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Since 1947Partition Narratives among Punjabi Migrants of Delhi$
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Ravinder Kaur

Print publication date: 2007

Print ISBN-13: 9780195683776

Published to Oxford Scholarship Online: October 2012

DOI: 10.1093/acprof:oso/9780195683776.001.0001

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PRINTED FROM OXFORD SCHOLARSHIP ONLINE (oxford.universitypressscholarship.com). (c) Copyright Oxford University Press, 2021. All Rights Reserved. An individual user may print out a PDF of a single chapter of a monograph in OSO for personal use. date: 25 January 2022

Missing Fields

Missing Fields

The ‘Untouchable’ Migrants of Partition

Chapter:
(p.157) 6. Missing Fields
Source:
Since 1947
Author(s):

Ravinder Kaur

Publisher:
Oxford University Press
DOI:10.1093/acprof:oso/9780195683776.003.0006

This chapter describes the resettlement of untouchable non-Muslims. It also considers how to reach a group that is not part of the popular imagination and whose history of migration has never been recorded, and has been deemed irrelevant. A quick survey of Punjab’s social history would show that untouchable caste groups were present in sufficient numbers in Punjab. It is suggested that the untouchable castes in West Punjab did not migrate in large numbers, and that they did not resettle in the middle or lower-middle class areas of Delhi. It is also shown that untouchables groups who frequently moved in the Punjab region had already come into contact with the Arya Samaj and, thus, a new Hindu identification. The separation from the upper caste groups resulted in the integration of untouchable migrants with the existing untouchable groups in Delhi. This integration reduced their distinctive experiences of Partition.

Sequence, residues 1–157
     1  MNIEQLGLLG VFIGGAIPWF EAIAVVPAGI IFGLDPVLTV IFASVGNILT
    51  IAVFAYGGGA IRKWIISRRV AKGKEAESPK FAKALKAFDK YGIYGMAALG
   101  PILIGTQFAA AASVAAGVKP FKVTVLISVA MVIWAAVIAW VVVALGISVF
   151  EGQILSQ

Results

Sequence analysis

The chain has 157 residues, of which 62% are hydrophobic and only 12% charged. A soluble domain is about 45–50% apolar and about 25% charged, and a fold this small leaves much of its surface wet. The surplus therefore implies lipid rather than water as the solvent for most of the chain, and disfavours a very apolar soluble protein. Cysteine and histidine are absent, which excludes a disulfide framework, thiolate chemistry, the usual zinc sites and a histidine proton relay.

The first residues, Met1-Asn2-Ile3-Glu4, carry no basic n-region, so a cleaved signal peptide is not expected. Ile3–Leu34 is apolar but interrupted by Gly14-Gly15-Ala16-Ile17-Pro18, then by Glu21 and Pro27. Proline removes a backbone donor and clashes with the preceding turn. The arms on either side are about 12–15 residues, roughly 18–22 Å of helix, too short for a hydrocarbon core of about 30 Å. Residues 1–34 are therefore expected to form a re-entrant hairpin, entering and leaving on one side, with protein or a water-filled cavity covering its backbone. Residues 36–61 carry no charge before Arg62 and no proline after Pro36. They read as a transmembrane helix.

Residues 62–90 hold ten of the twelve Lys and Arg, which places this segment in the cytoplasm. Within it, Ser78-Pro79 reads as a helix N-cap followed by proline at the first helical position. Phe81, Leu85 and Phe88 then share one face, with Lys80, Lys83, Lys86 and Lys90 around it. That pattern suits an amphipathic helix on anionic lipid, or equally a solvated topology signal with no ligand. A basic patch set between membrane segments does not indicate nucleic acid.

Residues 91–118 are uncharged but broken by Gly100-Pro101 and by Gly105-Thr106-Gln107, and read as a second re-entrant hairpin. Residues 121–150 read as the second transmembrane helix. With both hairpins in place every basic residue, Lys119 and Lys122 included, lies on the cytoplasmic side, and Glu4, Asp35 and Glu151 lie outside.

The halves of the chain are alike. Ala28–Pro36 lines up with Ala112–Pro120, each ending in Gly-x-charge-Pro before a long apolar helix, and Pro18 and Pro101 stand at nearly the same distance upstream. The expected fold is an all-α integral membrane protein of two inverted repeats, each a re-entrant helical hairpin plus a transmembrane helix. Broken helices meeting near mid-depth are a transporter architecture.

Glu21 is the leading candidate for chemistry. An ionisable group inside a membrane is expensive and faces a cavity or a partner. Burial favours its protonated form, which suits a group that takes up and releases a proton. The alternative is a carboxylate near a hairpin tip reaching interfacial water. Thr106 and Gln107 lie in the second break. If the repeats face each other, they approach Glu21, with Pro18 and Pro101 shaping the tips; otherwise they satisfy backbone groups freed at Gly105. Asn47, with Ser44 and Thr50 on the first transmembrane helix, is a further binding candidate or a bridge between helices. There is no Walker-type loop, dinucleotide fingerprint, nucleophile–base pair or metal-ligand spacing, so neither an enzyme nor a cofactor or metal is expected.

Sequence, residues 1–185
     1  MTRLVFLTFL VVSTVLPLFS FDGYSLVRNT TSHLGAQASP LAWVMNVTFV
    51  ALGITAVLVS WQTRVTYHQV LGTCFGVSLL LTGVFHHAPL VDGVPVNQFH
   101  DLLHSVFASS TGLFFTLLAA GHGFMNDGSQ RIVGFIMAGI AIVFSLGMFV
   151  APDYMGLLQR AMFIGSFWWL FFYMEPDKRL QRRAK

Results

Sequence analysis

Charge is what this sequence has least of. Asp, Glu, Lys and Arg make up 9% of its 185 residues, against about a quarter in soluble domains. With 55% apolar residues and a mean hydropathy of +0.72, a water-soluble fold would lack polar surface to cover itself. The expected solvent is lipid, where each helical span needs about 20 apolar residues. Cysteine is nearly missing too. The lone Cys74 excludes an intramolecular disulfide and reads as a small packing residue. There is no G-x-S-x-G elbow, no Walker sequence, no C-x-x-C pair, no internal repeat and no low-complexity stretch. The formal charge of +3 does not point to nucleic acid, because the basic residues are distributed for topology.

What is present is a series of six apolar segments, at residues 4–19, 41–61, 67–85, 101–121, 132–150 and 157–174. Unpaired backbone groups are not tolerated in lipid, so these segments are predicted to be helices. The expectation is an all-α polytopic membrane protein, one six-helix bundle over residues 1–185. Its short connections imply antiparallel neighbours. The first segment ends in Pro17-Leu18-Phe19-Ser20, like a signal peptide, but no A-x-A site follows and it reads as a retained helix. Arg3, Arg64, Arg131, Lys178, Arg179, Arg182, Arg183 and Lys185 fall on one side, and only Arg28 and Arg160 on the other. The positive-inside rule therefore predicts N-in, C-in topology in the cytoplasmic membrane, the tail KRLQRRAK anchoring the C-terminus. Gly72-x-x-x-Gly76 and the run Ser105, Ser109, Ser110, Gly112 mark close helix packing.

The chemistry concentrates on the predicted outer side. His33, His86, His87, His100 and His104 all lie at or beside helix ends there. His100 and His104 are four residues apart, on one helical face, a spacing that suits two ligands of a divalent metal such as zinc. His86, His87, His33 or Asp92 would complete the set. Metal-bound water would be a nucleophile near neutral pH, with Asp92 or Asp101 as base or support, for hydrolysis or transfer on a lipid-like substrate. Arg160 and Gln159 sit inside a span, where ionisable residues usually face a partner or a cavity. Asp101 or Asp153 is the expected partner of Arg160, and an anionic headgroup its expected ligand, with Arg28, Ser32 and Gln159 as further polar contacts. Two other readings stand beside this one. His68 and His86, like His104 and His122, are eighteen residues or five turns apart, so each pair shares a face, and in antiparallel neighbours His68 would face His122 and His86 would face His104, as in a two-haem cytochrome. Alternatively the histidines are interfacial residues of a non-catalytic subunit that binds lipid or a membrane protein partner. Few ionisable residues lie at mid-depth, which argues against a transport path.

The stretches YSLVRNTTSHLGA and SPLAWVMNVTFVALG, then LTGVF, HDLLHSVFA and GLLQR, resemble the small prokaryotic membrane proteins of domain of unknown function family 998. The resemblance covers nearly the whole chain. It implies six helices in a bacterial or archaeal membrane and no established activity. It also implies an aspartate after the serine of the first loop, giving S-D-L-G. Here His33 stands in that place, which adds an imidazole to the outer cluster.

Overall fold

Keywords:   resettlement, migration, Punjab, untouchable non-Muslims, Delhi, Arya Samaj, Partition

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